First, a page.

American Apparel Inc (NYSEMKT:APP)’s board unveiled a poison pill strategy aimed at preventing a takeover from ousted founder Dov Charney on Saturday.
The embattled Los Angeles-based clothing chain said the one-year duration stockholder rights plan would strengthen the company’s ability to protect stakeholders.
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Charney pushed out
Earlier this month, American Apparel Inc (NYSEMKT:APP)’s board announced that its founder, president and CEO Dov Charney, had been fired following an investigation into alleged misconduct. The former CEO had been facing sexual harassment and other accusations for years.
The ousted CEO was embroiled in a scandal culminating in 2012 in which an employee, Irene Morales, accused him of forcing her to become a “sex slave”. The case was thrown out in 2013, but more recently Charney was accused of allowing an American Apparel Inc employee to create a blog with naked pictures of Morales, which was the basis for the clothing chain’s board releasing him from duties.
Soon after Charney’s ouster, UK-based Lion Capital used his removal to trigger a clause in the loan agreement that requires American Apparel to repay a $10 million loan. The $10 million default could trigger Capital One to call in its $30 million loan to the embattled clothing chain, and even creates the possibility of bankruptcy by creating a cascading flow of loan demands that could dry up liquidity for the firm.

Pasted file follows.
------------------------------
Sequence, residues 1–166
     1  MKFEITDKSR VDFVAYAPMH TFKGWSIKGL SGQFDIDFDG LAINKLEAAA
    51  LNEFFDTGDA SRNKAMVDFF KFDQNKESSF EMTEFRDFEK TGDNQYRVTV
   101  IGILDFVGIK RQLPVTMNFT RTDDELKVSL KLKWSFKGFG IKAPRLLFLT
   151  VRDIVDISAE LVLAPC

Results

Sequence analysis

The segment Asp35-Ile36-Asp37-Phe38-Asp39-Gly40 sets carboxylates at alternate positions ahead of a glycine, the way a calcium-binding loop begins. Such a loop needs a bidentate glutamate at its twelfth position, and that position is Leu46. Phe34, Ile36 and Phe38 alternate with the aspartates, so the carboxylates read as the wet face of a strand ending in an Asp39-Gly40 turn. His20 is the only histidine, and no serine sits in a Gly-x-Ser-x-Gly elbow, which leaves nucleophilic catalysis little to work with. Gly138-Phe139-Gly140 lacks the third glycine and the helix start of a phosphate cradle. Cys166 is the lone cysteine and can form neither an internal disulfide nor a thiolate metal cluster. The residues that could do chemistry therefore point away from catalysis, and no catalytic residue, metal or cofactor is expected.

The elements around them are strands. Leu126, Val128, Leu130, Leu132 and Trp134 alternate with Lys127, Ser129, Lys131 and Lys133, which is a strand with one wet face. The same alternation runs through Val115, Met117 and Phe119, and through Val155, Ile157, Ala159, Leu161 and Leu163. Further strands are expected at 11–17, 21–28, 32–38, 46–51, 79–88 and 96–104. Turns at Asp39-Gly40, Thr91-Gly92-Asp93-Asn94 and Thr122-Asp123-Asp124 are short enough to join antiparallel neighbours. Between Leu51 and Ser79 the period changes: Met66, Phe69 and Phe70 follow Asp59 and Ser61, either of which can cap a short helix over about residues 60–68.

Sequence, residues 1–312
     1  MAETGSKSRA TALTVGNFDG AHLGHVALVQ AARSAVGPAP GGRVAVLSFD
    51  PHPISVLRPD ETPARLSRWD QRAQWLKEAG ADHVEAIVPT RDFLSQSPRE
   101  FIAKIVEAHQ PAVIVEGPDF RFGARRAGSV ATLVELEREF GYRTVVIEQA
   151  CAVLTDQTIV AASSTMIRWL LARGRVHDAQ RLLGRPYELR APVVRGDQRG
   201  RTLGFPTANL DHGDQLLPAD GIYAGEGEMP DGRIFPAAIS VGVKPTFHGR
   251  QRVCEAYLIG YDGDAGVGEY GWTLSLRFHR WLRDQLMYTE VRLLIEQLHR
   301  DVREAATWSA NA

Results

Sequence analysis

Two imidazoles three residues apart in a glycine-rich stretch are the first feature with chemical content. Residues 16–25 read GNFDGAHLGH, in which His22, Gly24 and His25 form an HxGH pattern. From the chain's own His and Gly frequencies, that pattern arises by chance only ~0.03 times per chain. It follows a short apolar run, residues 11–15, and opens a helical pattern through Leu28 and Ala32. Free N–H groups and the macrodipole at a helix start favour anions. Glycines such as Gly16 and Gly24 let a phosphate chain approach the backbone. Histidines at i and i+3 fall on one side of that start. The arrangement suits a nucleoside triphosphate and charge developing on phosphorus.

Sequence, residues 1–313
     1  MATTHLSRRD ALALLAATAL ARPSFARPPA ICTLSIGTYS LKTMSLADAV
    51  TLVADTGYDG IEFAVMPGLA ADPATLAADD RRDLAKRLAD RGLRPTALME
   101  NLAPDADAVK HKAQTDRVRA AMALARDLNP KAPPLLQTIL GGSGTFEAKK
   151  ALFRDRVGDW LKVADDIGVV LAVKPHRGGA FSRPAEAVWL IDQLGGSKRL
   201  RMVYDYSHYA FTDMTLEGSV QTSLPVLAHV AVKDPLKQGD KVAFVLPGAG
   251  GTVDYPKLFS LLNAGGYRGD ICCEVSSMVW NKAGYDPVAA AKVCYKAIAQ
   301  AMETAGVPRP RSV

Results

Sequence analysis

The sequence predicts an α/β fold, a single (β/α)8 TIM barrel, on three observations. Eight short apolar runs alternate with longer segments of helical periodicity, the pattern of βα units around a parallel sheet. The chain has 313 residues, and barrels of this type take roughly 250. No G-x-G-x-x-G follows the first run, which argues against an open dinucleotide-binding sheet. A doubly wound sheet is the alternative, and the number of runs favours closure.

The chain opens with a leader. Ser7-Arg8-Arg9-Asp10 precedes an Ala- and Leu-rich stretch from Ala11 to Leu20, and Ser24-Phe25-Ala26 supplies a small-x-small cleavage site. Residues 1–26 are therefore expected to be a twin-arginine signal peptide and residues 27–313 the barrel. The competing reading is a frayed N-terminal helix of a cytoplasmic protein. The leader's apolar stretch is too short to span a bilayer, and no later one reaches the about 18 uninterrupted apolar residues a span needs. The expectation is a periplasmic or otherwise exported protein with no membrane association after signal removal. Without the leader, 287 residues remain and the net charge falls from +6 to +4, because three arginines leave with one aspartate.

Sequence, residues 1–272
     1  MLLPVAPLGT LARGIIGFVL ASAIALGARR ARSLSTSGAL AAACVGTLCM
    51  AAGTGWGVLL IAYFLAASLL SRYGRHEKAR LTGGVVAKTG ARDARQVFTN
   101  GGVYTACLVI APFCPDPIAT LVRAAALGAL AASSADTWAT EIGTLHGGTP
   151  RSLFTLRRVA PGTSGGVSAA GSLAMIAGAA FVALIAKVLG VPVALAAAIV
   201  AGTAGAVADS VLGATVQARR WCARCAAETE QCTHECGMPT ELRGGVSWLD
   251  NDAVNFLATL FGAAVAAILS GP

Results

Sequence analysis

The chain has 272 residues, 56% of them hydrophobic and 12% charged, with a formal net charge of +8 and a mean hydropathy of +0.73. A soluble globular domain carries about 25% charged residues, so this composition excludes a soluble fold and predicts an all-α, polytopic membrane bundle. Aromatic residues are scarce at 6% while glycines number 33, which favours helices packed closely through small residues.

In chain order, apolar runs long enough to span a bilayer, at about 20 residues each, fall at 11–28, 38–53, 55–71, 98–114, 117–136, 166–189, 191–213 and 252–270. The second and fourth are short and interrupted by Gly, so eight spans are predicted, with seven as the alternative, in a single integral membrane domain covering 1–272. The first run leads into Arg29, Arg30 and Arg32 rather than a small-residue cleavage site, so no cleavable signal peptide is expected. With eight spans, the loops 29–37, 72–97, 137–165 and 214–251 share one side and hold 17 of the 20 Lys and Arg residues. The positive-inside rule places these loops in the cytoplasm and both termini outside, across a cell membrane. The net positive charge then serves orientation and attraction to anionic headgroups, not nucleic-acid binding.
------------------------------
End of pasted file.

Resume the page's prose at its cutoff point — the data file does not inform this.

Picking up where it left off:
American Apparel’s poison pill
In his filing with the Securities and Exchange Commission Friday, Dov Charney said that he was looking to acquire more than 10% of American Apparel’s stock using loans from investment firm Standard General LP. Citing people familiar with the matter, Elizabeth Paton of Financial Times reports the ousted CEO would need to acquire around 50% of the outstanding shares before he could call a special meeting to discuss the future of the company. Mr. Charney already holds a 27% stake in the clothing chain.
Unveiling its poison pill strategy Saturday, the American Apparel board said that a special board committee adopted a one-year-long ‘stockholder rights plan’ that will limit the ability of investors including Charney “to seize control of the company without appropriately compensating all American Apparel shareholders”. The statement further added that the rights are attached to all shares of common stock and each right will facilitate the holder to purchase one ten-thousandth of a share of preferred stock at an exercise price of $2.75.